Dewormer in cats: why, when, how to deworm in your animal?

Dewormer in cats: why, when, how to deworm in your animal?

Dewormer in cats: why, when, how to deworm in your animal?


Intestinal worms can threaten the health of your cat and the humans around it. It is therefore important to deworm it regularly and to know how to detect the signs of possible infestation to act quickly against the parasites.
Like fleas, the spread of worms to other animals in the house or neighborhood can
be rapid, and it will be even more difficult to eliminate them... How to recognize the infestation, and when and how to administer the treatment?


Why deworm in cat?

Worms can cause significant damage to your cat's organs, as well as an illness if the infestation persists. Ascariasis, for example, is common in kittens and can be transmitted through the mother's milk or by contact with feces. Without your cat even going outside, he can catch worms from contact with your other pets, especially dogs and rodents.

And if your cat has access to a garden, the risk of contamination is increased because he can meet other cats, but also come into contact with animals during the hunt: rats, mice, birds, etc. If the cat ingests a contaminated animal, it will in turn be contaminated and the worms transmitted by birds and wild rodents are sometimes virulent, in particular heartworm and lungworm. Finally, your cat may transmit some of these parasites to you and to your more vulnerable children especially if they spend time with the animal.

Dewormer in cats: why, when, how to deworm in your animal?


The different types of worms

If your cat is a carrier of worms, only the veterinarian will be able to identify the species with certainty; however, if you happen to see them in the animal's feces, you may be able to distinguish between roundworms and flatworms. The first, also called Ascaris, are the most common in cats while flatworms, or Cestodes, are rarer.

Smaller worms, hookworms, are more common in dogs and affect the small intestine. Contamination can occur by ingestion or through the skin. More remarkable, tapeworms (or tapeworms) are ringed worms that can be spotted in the fur of the animal at the level of the anus.

It even happens to find a "ring" of it in the cat's stool. There are also bladder worms, only detectable by specific urine tests; they can cause painful urinary tract infections (cystitis). Cardiopulmonary worms, the most dangerous, are fortunately rare in France but can be found in southern Europe. So be careful if you have to travel with your cat to Spain, Portugal or Greece.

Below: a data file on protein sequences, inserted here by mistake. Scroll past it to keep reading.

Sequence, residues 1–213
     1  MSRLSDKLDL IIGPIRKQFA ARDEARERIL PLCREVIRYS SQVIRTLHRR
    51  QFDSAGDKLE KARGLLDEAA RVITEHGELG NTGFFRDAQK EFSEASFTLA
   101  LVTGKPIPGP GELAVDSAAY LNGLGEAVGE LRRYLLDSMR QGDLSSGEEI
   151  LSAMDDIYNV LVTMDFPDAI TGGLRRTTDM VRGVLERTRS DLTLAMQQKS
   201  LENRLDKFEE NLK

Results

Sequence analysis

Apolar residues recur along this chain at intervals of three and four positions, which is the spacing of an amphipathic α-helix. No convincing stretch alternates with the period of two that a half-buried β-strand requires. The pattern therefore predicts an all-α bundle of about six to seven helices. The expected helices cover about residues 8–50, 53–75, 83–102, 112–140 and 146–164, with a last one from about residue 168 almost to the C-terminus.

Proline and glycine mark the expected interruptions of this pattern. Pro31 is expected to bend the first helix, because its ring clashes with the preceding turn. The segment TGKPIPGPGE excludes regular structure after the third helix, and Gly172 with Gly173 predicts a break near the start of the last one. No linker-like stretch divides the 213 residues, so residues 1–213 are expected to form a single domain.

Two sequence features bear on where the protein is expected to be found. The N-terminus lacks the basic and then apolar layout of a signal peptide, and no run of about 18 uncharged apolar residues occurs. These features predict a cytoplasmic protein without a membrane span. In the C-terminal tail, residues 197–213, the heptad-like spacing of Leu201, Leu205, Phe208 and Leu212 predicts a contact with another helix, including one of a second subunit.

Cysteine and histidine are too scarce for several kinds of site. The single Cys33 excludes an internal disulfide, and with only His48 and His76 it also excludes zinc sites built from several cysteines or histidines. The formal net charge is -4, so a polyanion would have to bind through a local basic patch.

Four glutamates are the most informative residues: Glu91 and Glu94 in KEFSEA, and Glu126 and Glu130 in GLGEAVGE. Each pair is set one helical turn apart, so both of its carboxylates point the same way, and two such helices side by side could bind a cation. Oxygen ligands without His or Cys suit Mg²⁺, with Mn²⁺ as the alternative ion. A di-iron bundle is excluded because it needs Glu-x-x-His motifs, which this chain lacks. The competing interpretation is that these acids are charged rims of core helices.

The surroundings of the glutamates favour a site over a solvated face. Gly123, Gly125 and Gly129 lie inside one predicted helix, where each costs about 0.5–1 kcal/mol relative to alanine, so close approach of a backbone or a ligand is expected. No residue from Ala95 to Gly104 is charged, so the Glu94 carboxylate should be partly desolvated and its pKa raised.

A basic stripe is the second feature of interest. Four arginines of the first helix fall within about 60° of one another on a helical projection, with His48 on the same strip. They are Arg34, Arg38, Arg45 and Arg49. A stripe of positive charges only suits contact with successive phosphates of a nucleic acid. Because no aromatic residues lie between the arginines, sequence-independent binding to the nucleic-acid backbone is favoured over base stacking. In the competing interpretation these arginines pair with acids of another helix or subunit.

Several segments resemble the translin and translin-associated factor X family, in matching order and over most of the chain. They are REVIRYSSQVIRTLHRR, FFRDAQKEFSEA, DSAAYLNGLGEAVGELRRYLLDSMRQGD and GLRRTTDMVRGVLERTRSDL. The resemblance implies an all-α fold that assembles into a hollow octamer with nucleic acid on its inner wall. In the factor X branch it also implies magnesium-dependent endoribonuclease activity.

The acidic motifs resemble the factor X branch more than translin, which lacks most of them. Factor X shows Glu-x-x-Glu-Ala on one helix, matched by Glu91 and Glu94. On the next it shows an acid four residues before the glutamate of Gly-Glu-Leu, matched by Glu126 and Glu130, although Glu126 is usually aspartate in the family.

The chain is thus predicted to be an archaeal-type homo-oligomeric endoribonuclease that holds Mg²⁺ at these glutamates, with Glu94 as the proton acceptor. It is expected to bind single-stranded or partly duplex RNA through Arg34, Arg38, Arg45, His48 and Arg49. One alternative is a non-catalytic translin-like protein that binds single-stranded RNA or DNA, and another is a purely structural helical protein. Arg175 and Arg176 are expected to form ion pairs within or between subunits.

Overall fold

How to diagnose the infestation?

As said above, worms can be spotted in the stool but sometimes the diagnosis is not so simple. Other signs, however, indicate that the cat is infested, in particular vomiting or a decrease in appetite and anemia for roundworms, and on the contrary, an increased appetite if the animal is suffering from solitary worms because the latter will draw nutrients in the intestinal wall. Thus, the cat can also experience weight loss or swelling of the lower abdomen, particularly in cases of ascariasis.

Also remember to examine the cat's gums, which are normally pink: if they show discoloration, pallor, or grayish color, he may be suffering from anemia which is one of the consequences of the presence of intestinal worms. If in doubt, make an appointment quickly with the veterinarian, who will be able to make a definitive diagnosis and prescribe the appropriate treatment depending on the type of parasites.

Choice and administration of dewormer for cats

Most of the time in tablet form, the dewormer can be administered directly by the veterinarian, or by yourself if you have to pick it up at the pharmacy. The dosage should be made according to weight and age, on the advice of the veterinarian or pharmacist. There are also treatments against worms in the form of a pipette, the contents of which are applied to the skin at neck level (such as anti-flea pipettes). The product will diffuse through the epidermis and pass into the blood to eliminate the worms.

If you are going to get the dewormer yourself, without recommendation or prescription, be sure to choose a product with the greatest possible scope of action, that is to say, that can treat a maximum of species of digestive worms. Tablets and pipettes generally have the same effectiveness, pipettes having the advantage of not having to make the cat swallow medication, which is not always easy... This is why the veterinarian will surely suggest doing it for you while showing you the procedure for next time. Otherwise, hiding the stamp in a treat (meatball...) is a good solution, but it is important to make sure that the cat does not spit it out behind your back!

Preventive measures against worms

First of all, a quarterly treatment is recommended to prevent the appearance of intestinal parasites, especially if your cat is taken outside. For an apartment cat, the administration of a preventive dewormer two to three times a year may be sufficient if it only eats industrial food and is not in contact with other domestic animals.

At each treatment, remember to treat all the animals in the house in the same way for greater safety. Also treat them regularly against fleas and ticks, potential vectors of tapeworm worms. The litter should be cleaned daily (it is important to remove all excrement) and the tray scalded each time the litter is changed to destroy the roundworm eggs.

Take care to place the tray far enough from the cat's feeding point to avoid contamination by stool and clean the bowls regularly. Finally, natural herbal treatments (thyme, mugwort) or certain foods (garlic, cloves) can prevent the development of parasites: mix them in small quantities with the cat's food for eight days, two to three times a year.

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